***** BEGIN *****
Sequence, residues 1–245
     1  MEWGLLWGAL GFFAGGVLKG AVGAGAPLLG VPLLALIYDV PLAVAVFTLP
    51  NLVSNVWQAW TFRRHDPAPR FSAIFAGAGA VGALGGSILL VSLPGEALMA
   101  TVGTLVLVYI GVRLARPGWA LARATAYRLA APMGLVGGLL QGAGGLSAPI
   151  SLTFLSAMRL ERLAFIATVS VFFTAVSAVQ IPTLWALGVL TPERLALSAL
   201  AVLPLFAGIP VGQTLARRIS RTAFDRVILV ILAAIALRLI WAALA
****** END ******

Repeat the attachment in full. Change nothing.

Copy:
Sequence, residues 1–245
     1  MEWGLLWGAL GFFAGGVLKG AVGAGAPLLG VPLLALIYDV PLAVAVFTLP
    51  NLVSNVWQAW TFRRHDPAPR FSAIFAGAGA VGALGGSILL VSLPGEALMA
   101  TVGTLVLVYI GVRLARPGWA LARATAYRLA APMGLVGGLL QGAGGLSAPI
   151  SLTFLSAMRL ERLAFIATVS VFFTAVSAVQ IPTLWALGVL TPERLALSAL
   201  AVLPLFAGIP VGQTLARRIS RTAFDRVILV ILAAIALRLI WAALA